The Beauty of Ruin by Damien Angelica Walters (author of Sing Me Your Scars)

Although my reading tastes have been driving me firmly back into the realms of epic fantasy, horror has always been my first love. It's what I remember reading first, and what has driven most of my own writing endeavours. So, while I hardly need an excuse to celebrate the genre, events like Women in Horror Month certainly do provide a convenient prompt for me to look beyond the towering review pile and dabble a bit more within the genre.

Today, for our final post under the WiHM666 banner, we welcome Damien Angelica Walters, author of the upcoming Sing Me Your Scars, to talk (appropriately enough) about The Beauty of Ruin.

The Beauty of Ruin
by Damien Angelica Walters

I am a literary sadist.

But don’t take my word for it. A recent reviewer (Anton Cancre of Eviscerating Pen) said this about Sing Me Your Scars: “I wept enough while reading this that I joked about changing the name to I Like It When You Cry and while there is hope to be found here, it is hard earned.”

He’s right. I like writing about broken people, and I like writing about hurt, but I promise I’m not cackling madly in the corner while I do so. Most of the time, I’m fighting against a lump in my throat and wondering why I’m drawn to such darkness.

I remember reading Stephen King’s IT a long time ago and breaking into ugly tears near the end when Beverly, Ben, Bill, and Richie are walking into the Town House (page 1,110 in the hardcover). Beverly sees their reflections in the glass, and although Eddie and Stan are gone, for a brief instant she sees their reflections, too.

That moment. That moment.

I hated Stephen King for making me care so much about characters that I had to stop reading because I was crying too hard to see the words, but a part of me loved him for it, too. That ache in my heart was a beautiful thing.

When I start writing a story, I never say, “Hey, let’s break some hearts today,” but if it happens, I can’t say it doesn’t make me happy. It isn’t that I’ve made someone cry; it’s that I’ve made someone care. It means that in that moment, for that reader, the character was more than just a name on paper. In that moment, the character, and their hurt, was real.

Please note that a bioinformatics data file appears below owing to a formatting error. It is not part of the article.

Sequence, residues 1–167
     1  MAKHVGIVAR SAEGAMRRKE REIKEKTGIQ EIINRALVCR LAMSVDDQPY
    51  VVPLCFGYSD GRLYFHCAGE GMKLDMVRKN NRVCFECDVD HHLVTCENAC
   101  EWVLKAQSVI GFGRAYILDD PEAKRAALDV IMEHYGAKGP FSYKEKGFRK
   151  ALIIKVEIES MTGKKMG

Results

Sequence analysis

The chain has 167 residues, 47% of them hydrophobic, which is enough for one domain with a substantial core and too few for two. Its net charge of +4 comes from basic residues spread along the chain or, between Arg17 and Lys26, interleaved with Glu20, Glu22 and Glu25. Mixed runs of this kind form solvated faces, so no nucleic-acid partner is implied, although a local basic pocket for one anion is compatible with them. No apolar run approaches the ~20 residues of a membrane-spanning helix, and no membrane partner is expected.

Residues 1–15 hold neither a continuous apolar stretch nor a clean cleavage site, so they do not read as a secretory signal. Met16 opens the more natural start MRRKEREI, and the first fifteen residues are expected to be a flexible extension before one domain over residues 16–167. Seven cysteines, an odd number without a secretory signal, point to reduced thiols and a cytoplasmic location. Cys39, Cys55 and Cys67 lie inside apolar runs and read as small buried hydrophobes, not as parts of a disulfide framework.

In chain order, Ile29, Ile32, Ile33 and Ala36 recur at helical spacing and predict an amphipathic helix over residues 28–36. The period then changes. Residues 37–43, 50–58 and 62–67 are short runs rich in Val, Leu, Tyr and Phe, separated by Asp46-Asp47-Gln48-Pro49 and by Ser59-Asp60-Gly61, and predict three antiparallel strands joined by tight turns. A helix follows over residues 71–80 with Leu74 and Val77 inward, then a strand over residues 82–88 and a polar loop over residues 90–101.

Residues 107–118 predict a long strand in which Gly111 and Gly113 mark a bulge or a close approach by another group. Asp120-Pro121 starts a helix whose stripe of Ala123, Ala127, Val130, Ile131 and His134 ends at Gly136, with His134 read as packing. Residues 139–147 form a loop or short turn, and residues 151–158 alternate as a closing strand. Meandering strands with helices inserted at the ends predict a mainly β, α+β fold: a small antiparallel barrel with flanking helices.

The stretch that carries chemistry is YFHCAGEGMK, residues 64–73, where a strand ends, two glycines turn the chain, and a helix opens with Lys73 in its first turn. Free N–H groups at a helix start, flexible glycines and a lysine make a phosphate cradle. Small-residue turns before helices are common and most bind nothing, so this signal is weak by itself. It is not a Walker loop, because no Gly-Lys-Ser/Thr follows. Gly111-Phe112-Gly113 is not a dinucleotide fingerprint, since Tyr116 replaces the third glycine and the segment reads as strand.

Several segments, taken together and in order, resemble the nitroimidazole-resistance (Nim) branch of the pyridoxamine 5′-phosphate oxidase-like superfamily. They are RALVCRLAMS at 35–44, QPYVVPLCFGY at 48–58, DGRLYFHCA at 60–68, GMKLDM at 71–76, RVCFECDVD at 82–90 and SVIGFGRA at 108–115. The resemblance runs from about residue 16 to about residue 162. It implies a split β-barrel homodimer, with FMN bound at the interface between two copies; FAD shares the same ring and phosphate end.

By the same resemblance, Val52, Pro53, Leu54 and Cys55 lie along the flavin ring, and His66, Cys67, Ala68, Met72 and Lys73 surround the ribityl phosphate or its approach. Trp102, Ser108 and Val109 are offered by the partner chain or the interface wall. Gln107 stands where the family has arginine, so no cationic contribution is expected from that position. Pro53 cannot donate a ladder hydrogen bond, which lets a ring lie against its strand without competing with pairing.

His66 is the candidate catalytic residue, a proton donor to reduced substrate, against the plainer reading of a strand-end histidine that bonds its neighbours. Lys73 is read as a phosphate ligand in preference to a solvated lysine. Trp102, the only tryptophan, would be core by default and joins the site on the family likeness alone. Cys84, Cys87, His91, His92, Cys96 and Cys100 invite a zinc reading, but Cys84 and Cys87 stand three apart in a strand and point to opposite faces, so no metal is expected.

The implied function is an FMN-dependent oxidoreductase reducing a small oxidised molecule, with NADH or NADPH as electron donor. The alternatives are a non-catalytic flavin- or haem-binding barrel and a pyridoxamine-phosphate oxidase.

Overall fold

In truth, I’m not sure if the confines of short fiction make that easier or harder. A little of both, maybe, but I try not to overthink such things. I do know that not every story will touch every reader, and while I hope my stories will make more people care than not, once a story is written, it no longer belongs to the writer.

I’ll keep writing and hopefully, continue to create characters and stories that reach into readers’ hearts and break them a little. And maybe, just maybe, those readers will come back for more.


About the Author

Damien Angelica Walters’ short fiction has appeared in various magazines and anthologies, including Year’s Best Weird Fiction Volume One, The Best of Electric Velocipede, Strange Horizons, Nightmare, Lightspeed, Shimmer, and Apex. “The Floating Girls: A Documentary,” originally published in Jamais Vu and reprinted in the Chinese literary journal ZUI Found, is on the Bram Stoker Award ballot for Superior Achievement in Short Fiction.

Forthcoming in 2015: Sing Me Your Scars, a collection of short fiction, from Apex Publications, and Paper Tigers, a novel, from Dark House Press.

You can find her on Twitter @DamienAWalters or online at


About the Book

Sing Me Your Scars
by Damien Angelica Walters

Sometimes a thread pulled through the flesh is all that holds you together. Sometimes the blade of a knife or the point of a nail is the only way you know you’re real. When pain becomes art and a quarter is buried deep within in you, all you want is to be seen, to have value, to be loved. But love can be fragile, folded into an origami elephant while you disappear, carried on the musical notes that build a bridge, or woven into an illusion so real, so perfect that you can fool yourself for a little while. Paper crumples, bridges fall, and illusions come to an end. Then you must pick up the pieces, stitch yourself back together, and shed your fear, because that is when you find out what you are truly made of and lift your voice, that is when you Sing Me Your Scars.

In her first collection of short fiction, Damien Angelica Walters weaves her lyrical voice through suffering and sorrow, teasing out the truth and discovering hope.

Paperback, 200 pages
Expected publication: March 10th 2015 by Apex Book Company


  1. Making them care about your characters is the key to a good story. Although I made a lot of readers cry with my first book and felt really bad about it, even though it was a good thing.
    Congratulations, Damien!


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